A Parent's Guide To CoGat and Map Testing

    NWEA MAP Testing
    What is Map Testing and why are we using it?

    ·       NWEA = Northwest Education Association
    ·       MAP = Measures of Academic Progress
    ·       Computer-based and Common Core aligned
    ·       Provides  detailed information a child’s specific skill levels in reading and math
    ·       Given once time per year in the Spring to monitor student progress
    ·       Results are reported using a RIT scale (see below)


    What is the RIT Scale?

    ·       Named after its creator Danish Mathematician Georg Rach (Rasch unIT)
    ·       Equal interval, normative, growth scale (like measurements of height)
    ·       Easily provides a measurement of growth over time (numbers should always go up)


    How do I Interpret my child’s results?

    ·       Use the bold number in your child’s RIT range to gain understanding through comparables

    1.       District Grade Level RIT- average/mean for all district students from this round of testing
    2.       Norm Grade Level RIT- average/mean from NWEA’s national normative studies

    ·       Student RIT projection- approximation of how your child may perform in the next testing round
    ·       Remember this is one assessment! It is important to see this as a gauge with which to compare other indicators of your child’s skill level.
    ·       The Lexile Range is one indication of your child’s independent reading level. However, comprehension is heavily influenced by your child’s interest and background knowledge. It is not best practice to base a child’s reading level on one test score. Therefore, teachers use this as a guide to measure a student’s reading skills in an independent setting in conjunction with other assessments and observational data.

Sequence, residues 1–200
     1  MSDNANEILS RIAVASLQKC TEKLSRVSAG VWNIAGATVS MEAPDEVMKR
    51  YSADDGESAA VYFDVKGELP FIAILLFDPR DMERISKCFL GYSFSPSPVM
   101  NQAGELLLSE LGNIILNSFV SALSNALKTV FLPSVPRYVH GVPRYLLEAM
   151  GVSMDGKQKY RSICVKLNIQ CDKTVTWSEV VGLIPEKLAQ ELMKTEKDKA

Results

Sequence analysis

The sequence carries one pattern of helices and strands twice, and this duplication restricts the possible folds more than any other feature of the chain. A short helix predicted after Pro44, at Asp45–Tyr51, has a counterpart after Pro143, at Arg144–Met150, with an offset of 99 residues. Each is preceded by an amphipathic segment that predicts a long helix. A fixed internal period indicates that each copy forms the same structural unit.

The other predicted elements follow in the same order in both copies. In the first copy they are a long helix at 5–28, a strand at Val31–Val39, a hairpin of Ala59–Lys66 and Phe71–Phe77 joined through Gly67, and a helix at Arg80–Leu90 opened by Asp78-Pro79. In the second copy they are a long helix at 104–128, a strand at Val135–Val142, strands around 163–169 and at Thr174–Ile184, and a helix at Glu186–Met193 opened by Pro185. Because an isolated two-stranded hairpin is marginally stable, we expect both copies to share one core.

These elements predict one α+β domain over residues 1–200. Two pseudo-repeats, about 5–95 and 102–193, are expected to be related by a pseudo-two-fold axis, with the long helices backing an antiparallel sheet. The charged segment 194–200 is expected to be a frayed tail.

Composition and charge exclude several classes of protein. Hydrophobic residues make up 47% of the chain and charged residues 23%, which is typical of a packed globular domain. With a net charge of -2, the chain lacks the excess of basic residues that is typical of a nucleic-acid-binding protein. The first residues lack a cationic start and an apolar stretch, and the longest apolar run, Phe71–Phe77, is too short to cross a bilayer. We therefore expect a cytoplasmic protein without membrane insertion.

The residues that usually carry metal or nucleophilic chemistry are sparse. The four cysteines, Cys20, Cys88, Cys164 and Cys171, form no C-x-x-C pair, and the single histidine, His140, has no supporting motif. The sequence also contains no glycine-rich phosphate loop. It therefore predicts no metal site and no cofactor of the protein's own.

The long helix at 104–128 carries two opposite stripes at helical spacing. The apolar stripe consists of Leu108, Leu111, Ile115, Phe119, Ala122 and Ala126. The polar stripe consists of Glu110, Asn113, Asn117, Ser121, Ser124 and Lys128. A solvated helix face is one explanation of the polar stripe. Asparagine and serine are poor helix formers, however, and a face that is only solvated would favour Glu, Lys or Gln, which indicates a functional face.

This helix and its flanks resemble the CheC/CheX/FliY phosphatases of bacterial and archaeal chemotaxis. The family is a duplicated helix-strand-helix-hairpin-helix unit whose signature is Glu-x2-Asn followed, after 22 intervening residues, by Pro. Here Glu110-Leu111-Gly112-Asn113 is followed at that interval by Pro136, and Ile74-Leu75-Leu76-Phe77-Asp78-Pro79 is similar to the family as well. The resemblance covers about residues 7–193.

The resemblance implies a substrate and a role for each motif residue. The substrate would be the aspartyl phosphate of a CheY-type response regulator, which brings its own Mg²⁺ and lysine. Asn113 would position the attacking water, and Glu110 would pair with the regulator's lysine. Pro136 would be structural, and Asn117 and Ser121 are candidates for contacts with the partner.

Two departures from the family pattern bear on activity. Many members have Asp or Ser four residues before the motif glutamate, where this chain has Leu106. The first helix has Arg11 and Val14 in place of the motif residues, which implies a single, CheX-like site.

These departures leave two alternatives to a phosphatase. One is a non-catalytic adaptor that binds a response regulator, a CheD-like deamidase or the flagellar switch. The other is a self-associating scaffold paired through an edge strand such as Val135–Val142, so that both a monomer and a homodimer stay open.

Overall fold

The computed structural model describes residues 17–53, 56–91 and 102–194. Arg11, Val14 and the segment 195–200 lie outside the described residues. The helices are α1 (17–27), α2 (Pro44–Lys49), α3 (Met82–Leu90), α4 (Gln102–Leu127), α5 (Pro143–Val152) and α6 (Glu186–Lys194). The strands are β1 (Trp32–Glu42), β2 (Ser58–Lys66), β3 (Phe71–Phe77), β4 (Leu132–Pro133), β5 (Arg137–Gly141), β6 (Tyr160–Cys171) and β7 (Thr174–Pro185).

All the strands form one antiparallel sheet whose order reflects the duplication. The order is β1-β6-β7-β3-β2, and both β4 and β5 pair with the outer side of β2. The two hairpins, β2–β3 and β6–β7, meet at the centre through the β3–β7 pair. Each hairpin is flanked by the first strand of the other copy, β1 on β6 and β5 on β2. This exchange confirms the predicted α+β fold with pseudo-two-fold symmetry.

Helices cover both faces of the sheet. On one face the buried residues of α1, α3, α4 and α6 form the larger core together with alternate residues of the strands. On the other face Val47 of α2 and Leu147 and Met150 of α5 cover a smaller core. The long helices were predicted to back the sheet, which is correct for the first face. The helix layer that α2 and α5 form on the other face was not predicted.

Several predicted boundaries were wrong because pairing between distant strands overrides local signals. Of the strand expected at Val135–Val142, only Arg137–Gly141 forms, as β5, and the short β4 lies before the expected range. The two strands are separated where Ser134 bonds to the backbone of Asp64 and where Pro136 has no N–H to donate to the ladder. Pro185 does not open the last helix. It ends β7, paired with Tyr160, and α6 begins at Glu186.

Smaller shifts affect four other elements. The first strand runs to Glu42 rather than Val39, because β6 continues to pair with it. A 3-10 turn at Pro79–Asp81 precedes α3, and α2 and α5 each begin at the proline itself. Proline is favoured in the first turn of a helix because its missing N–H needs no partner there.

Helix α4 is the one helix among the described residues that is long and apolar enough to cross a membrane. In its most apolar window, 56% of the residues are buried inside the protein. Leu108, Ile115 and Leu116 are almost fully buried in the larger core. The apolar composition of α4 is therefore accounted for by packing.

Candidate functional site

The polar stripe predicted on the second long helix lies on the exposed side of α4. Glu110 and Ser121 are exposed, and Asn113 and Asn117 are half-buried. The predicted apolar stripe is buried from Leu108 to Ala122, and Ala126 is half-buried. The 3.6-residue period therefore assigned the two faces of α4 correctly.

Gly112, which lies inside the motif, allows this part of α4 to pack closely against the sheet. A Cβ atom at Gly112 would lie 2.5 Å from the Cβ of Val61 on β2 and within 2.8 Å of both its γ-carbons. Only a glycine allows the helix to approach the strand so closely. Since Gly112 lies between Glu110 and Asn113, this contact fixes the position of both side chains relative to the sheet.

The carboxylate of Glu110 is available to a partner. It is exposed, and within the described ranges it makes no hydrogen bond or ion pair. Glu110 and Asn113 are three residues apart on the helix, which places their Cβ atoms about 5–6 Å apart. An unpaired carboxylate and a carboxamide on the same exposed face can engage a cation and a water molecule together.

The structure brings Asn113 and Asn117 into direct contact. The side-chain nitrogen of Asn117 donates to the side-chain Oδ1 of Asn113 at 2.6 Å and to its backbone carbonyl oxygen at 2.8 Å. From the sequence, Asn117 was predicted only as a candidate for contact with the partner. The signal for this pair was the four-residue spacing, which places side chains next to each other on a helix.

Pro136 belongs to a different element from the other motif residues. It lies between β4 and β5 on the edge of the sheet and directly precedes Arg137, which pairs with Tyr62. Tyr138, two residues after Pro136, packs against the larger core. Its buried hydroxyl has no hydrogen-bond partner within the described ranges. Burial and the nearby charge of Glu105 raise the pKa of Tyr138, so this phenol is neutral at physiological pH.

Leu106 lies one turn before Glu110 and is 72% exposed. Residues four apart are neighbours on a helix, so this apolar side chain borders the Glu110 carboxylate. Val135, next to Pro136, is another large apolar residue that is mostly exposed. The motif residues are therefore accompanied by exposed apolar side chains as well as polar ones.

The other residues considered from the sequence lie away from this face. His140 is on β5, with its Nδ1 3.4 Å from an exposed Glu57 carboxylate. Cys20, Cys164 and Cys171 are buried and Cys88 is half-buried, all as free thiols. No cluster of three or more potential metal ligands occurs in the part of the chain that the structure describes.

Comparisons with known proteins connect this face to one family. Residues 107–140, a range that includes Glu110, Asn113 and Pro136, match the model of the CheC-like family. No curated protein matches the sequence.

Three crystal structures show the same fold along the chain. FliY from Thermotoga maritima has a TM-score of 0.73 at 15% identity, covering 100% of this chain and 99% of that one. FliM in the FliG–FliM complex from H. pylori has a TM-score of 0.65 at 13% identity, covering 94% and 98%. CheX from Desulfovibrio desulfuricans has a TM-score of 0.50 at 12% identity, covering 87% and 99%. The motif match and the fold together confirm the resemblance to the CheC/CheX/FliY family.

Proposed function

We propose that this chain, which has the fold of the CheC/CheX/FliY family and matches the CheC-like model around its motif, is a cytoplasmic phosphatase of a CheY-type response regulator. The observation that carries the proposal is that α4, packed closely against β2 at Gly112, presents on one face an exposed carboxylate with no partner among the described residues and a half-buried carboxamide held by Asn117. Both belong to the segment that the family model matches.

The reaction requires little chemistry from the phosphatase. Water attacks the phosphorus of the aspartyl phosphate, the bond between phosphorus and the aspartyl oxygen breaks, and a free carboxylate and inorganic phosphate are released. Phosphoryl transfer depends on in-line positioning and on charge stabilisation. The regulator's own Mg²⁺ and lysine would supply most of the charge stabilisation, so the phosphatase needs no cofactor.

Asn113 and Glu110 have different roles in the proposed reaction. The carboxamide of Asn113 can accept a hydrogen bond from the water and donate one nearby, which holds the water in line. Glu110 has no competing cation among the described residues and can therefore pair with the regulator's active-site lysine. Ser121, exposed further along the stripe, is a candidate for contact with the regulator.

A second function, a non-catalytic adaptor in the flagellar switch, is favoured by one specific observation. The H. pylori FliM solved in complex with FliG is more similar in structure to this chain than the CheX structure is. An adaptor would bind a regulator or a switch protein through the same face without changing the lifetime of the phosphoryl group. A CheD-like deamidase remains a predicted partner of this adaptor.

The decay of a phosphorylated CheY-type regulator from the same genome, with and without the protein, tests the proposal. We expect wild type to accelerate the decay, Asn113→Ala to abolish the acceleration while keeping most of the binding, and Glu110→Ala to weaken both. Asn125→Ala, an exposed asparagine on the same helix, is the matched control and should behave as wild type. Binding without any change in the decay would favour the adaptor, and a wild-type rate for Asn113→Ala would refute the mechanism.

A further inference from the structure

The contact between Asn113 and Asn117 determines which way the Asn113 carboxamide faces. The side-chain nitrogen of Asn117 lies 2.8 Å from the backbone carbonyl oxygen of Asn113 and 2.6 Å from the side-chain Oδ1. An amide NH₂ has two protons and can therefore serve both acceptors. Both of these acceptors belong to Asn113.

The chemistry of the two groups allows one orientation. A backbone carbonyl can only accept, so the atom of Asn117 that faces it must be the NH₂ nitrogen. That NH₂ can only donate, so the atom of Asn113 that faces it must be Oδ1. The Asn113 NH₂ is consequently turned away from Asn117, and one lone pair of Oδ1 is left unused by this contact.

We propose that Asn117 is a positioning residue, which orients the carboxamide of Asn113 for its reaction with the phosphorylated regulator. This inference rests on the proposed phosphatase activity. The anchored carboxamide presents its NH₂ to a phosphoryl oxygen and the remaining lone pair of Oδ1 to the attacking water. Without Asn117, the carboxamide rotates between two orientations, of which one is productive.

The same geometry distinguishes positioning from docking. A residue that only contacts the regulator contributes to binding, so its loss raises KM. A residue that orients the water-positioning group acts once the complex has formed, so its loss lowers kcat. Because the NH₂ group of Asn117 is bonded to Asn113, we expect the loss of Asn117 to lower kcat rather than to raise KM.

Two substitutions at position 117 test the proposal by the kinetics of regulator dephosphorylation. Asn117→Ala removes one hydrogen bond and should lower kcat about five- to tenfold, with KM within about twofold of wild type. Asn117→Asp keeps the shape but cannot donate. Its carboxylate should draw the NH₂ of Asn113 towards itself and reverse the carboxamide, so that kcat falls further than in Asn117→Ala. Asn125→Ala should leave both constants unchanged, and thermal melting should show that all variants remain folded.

CoGat Testing


    What is CoGat Testing?

    ·       Measures a child’s cognitive ability (reasoning and critical thinking)
    ·       Approximately 60 min
    ·       Pencil and paper test


    What is Cognitive Ability?

    ·       Brain-based skills we use to carry out any task from the sim­plest to the most com­plex
    ·       Mech­a­nisms of how we learn, remem­ber, and problem-solve 
    ·       Gives one indicator of potential, not performance/academic knowledge


    When is CoGat given?

    ·       All Tewksbury students in grades 1-8 were given the test in August 2014
    ·       Subsequent testing will be given annually to students in grades 1, 2 and 5


    Why is CoGat given?

    ·       CoGat screener helps identify students who may be in need of advanced intellectual challenges (gifted programming/Project Aspire)


    How do I interpret my child’s results?

    ·       Age-based versus grade-based - we use age-based norms instead of grade-based norms to identify natural ability thereby eliminating the variable of early/late enrollment in school and/or retention
    ·       National Percentiles - identifies the percentage of a student’s age group that a student’s score surpassed
    ·       Stanine- an interval scale showing the average distribution of a set of scores

    o   Students with a stanine of 8 and 9 may qualify for Project Aspire



    The 5 most important things to know about CoGat:


    1. CoGat is used only as a screener for Project Aspire; it is the most widely used assessment screener for gifted programming;

                 2. It is not an IQ test, but similar in concept;
                 3. In the lower grades the variables of school readiness and test taking skills impact results to a greater                        extent, therefore students will be reassessed in grades 2 and 5;
                 4. CoGat testing does not measure specific intelligences or accelerated learning content/skill areas.
                 5. CoGat is not used for placement in accelerated Math or ELA.